Many people throughout the United States and the world are viewing the inauguration today with a sense of hope. Hope that things (whatever things are important to each individual) are going to get better. This sense of hope is not unique to Barack Obama. It comes with every new President to take office. The question for us as traders is, “How has this sense of hope translated to stock market returns?”
I decided to look back to 1920 using the Dow to see how the market has reacted to past inaugurations. I limited the instances to only those inaugurations where a new president was entering office. I don’t think re-elections carry a sense of “new hope” the way a new president does. I also eliminated inaugurations of Presidents that weren’t elected (Ford in ’74, Johnson in ’63, Truman in ’45, and Coolidge in ‘23). I just don’t believe the same sense of excitement is generated by a replacement as by a newly elected president.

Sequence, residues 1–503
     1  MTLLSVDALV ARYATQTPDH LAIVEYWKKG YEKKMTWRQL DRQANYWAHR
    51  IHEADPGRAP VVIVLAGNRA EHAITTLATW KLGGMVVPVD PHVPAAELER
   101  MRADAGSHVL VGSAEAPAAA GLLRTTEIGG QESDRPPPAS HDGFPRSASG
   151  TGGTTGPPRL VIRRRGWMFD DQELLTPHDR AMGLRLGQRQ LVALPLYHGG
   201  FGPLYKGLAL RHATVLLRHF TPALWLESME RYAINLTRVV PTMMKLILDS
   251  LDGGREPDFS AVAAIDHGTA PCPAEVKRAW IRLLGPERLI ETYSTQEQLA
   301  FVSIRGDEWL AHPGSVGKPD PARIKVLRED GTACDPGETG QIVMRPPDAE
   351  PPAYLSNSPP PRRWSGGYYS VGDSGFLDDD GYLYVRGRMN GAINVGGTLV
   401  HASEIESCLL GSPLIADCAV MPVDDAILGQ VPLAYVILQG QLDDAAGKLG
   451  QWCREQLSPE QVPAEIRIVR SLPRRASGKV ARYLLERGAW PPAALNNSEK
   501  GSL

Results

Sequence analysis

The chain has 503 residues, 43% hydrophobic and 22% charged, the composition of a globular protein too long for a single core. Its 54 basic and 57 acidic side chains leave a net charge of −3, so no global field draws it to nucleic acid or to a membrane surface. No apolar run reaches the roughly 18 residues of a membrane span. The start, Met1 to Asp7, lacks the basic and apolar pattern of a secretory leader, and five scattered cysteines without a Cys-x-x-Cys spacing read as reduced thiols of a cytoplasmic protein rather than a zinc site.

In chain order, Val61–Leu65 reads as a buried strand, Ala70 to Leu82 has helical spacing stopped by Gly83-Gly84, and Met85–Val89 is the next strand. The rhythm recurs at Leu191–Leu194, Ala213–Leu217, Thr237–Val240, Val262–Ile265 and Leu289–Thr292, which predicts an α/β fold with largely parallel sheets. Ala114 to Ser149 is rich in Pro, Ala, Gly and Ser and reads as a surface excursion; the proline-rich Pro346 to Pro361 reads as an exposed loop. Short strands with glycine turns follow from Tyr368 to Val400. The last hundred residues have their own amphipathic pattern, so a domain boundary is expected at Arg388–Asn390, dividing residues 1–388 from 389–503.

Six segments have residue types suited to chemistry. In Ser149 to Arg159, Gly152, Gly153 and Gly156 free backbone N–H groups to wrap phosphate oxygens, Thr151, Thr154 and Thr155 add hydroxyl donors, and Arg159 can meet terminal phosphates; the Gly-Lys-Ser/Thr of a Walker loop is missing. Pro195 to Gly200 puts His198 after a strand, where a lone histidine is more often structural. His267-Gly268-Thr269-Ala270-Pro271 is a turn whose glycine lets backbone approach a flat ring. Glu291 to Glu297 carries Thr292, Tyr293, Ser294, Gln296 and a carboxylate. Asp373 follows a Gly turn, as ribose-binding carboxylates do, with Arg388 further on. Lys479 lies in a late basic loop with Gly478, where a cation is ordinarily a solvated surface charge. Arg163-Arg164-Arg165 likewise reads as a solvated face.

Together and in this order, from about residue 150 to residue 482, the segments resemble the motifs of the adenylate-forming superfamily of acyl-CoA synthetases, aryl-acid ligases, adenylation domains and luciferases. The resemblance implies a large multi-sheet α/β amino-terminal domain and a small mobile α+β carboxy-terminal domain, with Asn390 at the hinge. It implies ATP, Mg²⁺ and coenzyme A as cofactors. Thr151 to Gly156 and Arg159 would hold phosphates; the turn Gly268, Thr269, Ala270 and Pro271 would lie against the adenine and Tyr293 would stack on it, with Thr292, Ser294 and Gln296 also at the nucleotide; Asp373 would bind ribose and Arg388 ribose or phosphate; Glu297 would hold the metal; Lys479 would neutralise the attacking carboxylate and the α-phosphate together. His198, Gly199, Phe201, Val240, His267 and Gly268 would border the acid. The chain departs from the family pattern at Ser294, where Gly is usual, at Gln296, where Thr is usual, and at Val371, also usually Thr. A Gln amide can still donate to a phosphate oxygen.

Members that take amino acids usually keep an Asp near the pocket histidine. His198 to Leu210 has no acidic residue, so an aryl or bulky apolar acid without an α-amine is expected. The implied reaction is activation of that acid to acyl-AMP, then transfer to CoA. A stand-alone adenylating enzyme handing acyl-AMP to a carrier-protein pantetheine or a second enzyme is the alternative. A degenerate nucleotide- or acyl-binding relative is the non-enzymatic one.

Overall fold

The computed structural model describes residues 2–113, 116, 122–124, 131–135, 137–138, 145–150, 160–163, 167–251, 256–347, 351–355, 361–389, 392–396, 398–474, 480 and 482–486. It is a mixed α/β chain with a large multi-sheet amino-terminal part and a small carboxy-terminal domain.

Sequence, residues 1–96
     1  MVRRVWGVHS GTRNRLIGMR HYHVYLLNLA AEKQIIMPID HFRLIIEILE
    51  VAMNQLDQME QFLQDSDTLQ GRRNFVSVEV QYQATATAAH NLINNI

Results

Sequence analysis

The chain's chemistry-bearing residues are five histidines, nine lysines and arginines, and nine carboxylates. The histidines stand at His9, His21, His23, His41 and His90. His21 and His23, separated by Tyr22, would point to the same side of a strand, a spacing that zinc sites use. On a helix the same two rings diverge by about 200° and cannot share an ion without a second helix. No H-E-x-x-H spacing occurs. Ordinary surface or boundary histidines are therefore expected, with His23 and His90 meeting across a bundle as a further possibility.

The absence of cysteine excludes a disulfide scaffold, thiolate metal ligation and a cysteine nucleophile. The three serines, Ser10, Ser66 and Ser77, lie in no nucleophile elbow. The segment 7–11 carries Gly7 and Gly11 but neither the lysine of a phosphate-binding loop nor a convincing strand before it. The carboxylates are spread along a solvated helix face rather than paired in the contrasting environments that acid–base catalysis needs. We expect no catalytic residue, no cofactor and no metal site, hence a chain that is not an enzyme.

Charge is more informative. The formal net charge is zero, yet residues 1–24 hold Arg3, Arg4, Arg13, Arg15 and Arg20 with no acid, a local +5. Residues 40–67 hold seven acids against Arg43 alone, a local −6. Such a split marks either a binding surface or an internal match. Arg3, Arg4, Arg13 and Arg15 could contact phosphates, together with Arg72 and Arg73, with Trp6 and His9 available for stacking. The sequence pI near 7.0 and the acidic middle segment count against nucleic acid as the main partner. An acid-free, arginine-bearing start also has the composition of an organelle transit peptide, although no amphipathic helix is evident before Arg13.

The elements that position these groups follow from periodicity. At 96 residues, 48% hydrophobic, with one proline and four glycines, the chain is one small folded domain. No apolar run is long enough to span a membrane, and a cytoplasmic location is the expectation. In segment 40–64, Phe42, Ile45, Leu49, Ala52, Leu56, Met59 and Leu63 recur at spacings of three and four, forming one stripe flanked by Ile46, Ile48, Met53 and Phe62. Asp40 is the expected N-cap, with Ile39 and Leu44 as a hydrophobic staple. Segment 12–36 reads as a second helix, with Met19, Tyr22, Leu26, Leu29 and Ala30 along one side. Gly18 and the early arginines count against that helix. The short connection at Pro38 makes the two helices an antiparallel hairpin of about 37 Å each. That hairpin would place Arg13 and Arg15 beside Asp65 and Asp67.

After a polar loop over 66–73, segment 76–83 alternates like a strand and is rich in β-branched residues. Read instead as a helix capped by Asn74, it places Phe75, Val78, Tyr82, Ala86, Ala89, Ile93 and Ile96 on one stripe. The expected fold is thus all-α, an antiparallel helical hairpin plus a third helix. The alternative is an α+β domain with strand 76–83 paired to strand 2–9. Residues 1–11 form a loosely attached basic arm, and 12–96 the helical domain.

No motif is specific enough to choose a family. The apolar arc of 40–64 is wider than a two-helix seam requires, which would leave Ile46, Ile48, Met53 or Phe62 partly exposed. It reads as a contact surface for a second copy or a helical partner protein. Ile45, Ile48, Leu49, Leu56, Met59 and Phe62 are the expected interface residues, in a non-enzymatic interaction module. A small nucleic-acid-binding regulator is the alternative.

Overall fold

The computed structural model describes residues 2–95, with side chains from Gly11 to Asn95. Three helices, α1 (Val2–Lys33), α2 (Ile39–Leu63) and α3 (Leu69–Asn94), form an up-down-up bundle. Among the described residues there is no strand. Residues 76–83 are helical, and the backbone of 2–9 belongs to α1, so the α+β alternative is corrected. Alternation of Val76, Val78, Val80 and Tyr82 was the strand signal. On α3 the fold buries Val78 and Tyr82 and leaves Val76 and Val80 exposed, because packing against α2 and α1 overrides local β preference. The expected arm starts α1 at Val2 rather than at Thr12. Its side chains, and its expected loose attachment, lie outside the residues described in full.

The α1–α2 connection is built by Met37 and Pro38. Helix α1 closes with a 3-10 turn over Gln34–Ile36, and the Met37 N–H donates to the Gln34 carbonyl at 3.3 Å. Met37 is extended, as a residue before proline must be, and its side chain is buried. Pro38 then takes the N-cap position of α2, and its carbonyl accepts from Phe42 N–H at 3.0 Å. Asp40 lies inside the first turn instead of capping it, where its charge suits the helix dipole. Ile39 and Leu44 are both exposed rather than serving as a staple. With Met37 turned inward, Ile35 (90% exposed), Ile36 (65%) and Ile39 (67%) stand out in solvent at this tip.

That left me with the following 11 instances:
March 4, 1921 – Warren G. Harding
March 4, 1929 – Herbert Hoover
March 4, 1933 – Franklin Roosevelt
January 20, 1953 – Dwight Eisenhower
January 20, 1961 – John Kennedy
January 20, 1969 – Richard Nixon
January 20, 1977 – James Carter
January 20, 1981 – Ronald Reagan
January 20, 1989 – George H.W. Bush
January 20, 1993 – William Clinton
January 20, 2001 – George W. Bush
First I looked to see how the market performed on the day of the inauguration. Surely the wonderful speeches and overall positive vibes would have had a positive affect on the market:
For an intermediate-term perspective below are the results for the 1st 75 trading days of the new presidency:
I’ve shown numerous studies the past few months comparing the current environment to the 1930’s. Perhaps the sense of hope brought on by new leadership today could help to ignite a strong (bear market) rally as it did 76 years ago.
Of course the main issues with this line of tests is that we are dealing with only 11 instances in 90 years. It would be quite dangerous to base any trades on just these results. I do find them interesting and somewhat notable, though.